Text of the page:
Animals have emotions too: the case of the zebra finch

by Dov Michaeli

A few days ago my granddaughter called me with one of her never ending, always challenging, questions. “Why, she asked, are cicadas singing?” This one was easy, I thought. Male cicadas sing to attract females so they can mate. As do crickets. And birds, I added as an afterthought. But now I was treading on shaking ground.

Birds do it…

The common wisdom is still that male attract their mates with a song and dance, literally. And after the deed is done? Hasta mañana baby, see you next spring.  Now comes a study from France to inject a bit more romance into the relationship. As reported by Brandon Keim in Wired Science (Aug. 10, 2010) on research conducted by Clementine Vignal, a sensory ecologist at France’s Université Jean Monnet. She took advantage of the lax laws governing privacy and unauthorized listening in France and placed tiny microphones in the nests of zebra finches, a species common in Europe. And what she heard was truly intriguing, and in a moment you’ll find out why.

[singlepic id=17 w=320 h=240 float=left]Zebra finches are monogamous, and 4% of such birds sing duets during the mating season. But zebra finches don’t even duet during courtship, and only males sing songs. But the investigators soon heard the birds exchanging synchronized clicks and trills performed when one left or returned to the nest, or was nearby while the partner remained. As Vignal stated, “… scientists may have been blinded by an assumption that duets were purely a mechanism for advertising virility and reproductive health to would-be mates.” But this study puts the birds in a new and surprising light. As Brandon Keim of Wired Science puts it “were the singers human, researchers might also explain the duets in terms of affection. Since they’re birds, the researchers describe the songs in terms of maintaining pair bonds, predator avoidance and conferred reproductive advantages”. Vignal, the lead author of the paper, references studies showing elevated levels of stress hormones in separated pairs, and concludes that “ they have emotions. They’re certainly different from the ones we accept, but they do have them; we can imagine that this duet expresses some kind of emotion.”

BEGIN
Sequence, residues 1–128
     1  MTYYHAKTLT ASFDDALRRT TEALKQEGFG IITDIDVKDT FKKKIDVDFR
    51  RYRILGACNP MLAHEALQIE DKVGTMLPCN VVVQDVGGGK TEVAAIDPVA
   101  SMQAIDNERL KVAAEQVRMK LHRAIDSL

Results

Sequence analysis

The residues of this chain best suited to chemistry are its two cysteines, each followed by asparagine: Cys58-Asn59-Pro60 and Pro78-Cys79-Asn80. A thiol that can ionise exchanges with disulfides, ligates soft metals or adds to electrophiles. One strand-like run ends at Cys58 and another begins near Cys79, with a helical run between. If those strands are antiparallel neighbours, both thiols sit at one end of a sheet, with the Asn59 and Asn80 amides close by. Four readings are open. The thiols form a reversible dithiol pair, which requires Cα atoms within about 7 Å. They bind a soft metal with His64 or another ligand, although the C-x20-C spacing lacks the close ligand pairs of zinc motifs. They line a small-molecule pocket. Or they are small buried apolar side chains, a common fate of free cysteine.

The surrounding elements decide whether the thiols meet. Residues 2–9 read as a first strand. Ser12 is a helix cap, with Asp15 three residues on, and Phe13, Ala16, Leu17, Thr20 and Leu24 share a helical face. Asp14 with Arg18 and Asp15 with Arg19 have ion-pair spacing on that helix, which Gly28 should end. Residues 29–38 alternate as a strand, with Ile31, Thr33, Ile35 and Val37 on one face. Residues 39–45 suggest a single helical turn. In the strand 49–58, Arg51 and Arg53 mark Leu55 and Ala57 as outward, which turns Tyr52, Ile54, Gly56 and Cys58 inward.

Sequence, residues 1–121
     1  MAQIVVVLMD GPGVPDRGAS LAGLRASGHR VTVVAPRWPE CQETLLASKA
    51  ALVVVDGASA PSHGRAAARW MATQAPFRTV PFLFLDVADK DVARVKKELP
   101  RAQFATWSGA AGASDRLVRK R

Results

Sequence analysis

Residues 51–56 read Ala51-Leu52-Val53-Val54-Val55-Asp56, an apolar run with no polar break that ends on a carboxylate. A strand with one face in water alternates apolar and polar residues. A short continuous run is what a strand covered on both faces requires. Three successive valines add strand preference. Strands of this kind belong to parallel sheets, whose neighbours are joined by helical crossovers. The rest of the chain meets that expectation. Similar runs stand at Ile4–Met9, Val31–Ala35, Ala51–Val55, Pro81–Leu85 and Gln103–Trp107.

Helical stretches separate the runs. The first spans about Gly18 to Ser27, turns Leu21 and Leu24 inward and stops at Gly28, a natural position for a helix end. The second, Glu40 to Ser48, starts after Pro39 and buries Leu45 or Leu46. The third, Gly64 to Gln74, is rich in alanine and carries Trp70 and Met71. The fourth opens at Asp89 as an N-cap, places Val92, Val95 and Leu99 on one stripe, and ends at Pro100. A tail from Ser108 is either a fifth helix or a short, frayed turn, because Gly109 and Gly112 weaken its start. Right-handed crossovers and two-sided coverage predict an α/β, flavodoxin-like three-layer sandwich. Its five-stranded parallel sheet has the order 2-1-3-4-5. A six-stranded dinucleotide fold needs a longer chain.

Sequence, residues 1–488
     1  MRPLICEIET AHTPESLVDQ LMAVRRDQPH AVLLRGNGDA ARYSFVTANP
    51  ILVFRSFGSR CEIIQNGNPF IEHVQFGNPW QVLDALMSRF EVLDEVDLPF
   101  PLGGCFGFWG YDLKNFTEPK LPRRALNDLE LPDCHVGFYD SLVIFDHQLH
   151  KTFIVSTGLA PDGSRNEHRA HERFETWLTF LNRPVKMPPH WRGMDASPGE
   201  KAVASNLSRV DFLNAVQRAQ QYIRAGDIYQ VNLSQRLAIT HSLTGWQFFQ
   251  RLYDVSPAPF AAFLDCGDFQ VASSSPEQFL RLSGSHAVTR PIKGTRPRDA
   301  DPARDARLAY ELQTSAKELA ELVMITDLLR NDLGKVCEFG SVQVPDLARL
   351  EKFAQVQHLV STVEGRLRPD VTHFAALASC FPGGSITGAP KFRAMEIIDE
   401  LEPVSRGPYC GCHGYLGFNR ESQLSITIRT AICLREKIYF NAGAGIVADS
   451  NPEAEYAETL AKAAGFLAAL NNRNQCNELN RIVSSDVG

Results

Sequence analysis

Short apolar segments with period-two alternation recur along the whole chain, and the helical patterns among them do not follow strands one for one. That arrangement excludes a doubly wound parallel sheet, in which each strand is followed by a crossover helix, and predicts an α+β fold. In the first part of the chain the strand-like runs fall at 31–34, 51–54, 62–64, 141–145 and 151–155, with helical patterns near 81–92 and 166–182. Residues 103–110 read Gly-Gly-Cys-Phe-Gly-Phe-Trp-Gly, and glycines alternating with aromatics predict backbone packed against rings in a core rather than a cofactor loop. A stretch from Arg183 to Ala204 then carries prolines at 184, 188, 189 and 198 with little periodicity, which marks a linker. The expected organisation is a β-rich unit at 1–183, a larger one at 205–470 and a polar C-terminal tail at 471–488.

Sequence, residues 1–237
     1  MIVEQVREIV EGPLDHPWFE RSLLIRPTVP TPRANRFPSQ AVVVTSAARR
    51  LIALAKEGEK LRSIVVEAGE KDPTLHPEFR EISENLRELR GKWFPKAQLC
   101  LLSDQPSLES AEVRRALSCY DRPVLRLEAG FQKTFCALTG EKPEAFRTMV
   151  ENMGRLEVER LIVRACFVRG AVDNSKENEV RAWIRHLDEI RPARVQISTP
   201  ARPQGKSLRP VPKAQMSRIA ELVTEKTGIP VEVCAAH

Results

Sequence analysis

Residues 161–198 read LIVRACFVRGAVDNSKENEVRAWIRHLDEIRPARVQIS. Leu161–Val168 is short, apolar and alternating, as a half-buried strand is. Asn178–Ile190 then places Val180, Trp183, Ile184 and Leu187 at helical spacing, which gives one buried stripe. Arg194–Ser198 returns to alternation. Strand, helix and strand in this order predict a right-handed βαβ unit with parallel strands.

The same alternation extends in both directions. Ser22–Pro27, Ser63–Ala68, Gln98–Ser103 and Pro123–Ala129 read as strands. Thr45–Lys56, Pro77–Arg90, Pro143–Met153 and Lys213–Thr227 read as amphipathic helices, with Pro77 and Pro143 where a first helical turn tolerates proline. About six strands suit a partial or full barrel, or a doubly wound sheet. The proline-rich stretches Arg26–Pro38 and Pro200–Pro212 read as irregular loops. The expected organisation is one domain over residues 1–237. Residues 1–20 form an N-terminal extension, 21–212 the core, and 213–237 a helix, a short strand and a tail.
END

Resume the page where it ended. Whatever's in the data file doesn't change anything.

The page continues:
My guess is that not only zebra finches have emotions. Neurobiology teaches us that feelings of stress, rage, fear and pleasure are located in the amygdala –an agglomeration of neurons in the midbrain, which is an ancient part of the brain. So it would not be a great stretch to assume that even lowly vertebrates such as lizards (forerunners of the birds, in evolutionary terms) have some sort of emotions.

How can we study animal emotions?

In a review published in the Proceedings of the Royal Society B researchers tried to tackle this difficult problem. After all, how do you judge an animal’s emotional state? We can probably recognize our dog’s mood, but what about a bird, or a croc? The researchers devised a model that correlates emotional state to decision making. How would an animal react to, say, a rustle in the forest. If the animal is assuming a defensive “safety first” stance, it is probably feeling pessimistic. If however the animal is feeling optimistic, it would interpret the same rustle as a sign of prey. Sounds a bit squirrely; but this model on extensive data  gathered of rodents, sheep and pigs and yes, humans placed in different environment.

Is the time far when we veterinarians and psychiatrists will be trained in crocodile psychiatric conditions? After all, we already have dog psychiatrists; and from what I hear, talk therapy is as effective and as expensive for dogs as for humans…

Dov Michaeli, MD, PhD loves to write about the brain and human behavior as well as translate complicated basic science concepts into entertainment for the rest of us. He was a professor at the University of California San Francisco before leaving to enter the world of biotech. He served as the Chief Medical Officer of biotech companies, including Aphton Corporation. He also founded and served as the CEO of Madah Medica, an early stage biotech company developing products to improve post-surgical pain control. He is now retired and enjoys working out, following the stock market, travelling the world, and, of course, writing for TDWI.